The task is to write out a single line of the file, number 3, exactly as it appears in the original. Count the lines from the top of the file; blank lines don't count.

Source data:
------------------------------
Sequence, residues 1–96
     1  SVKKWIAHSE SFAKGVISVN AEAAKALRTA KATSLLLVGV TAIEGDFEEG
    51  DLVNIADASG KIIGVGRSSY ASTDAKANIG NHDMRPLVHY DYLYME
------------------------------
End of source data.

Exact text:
    51  DLVNIADASG KIIGVGRSSY ASTDAKANIG NHDMRPLVHY DYLYME